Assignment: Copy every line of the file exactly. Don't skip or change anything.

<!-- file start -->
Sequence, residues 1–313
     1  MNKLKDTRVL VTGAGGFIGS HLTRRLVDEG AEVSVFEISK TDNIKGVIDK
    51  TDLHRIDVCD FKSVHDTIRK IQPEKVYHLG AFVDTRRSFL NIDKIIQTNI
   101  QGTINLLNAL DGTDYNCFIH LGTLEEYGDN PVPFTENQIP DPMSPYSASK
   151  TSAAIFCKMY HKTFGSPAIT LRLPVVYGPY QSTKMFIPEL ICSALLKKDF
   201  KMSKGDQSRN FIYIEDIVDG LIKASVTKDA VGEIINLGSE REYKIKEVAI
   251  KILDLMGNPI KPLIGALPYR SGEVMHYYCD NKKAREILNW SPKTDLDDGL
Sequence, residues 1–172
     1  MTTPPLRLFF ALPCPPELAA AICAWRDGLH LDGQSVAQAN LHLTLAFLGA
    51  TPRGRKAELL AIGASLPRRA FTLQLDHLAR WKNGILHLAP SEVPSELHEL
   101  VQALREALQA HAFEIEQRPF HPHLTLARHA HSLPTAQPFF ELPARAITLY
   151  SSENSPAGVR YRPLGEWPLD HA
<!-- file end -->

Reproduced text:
Sequence, residues 1–313
     1  MNKLKDTRVL VTGAGGFIGS HLTRRLVDEG AEVSVFEISK TDNIKGVIDK
    51  TDLHRIDVCD FKSVHDTIRK IQPEKVYHLG AFVDTRRSFL NIDKIIQTNI
   101  QGTINLLNAL DGTDYNCFIH LGTLEEYGDN PVPFTENQIP DPMSPYSASK
   151  TSAAIFCKMY HKTFGSPAIT LRLPVVYGPY QSTKMFIPEL ICSALLKKDF
   201  KMSKGDQSRN FIYIEDIVDG LIKASVTKDA VGEIINLGSE REYKIKEVAI
   251  KILDLMGNPI KPLIGALPYR SGEVMHYYCD NKKAREILNW SPKTDLDDGL
Sequence, residues 1–172
     1  MTTPPLRLFF ALPCPPELAA AICAWRDGLH LDGQSVAQAN LHLTLAFLGA
    51  TPRGRKAELL AIGASLPRRA FTLQLDHLAR WKNGILHLAP SEVPSELHEL
   101  VQALREALQA HAFEIEQRPF HPHLTLARHA HSLPTAQPFF ELPARAITLY
   151  SSENSPAGVR YRPLGEWPLD HA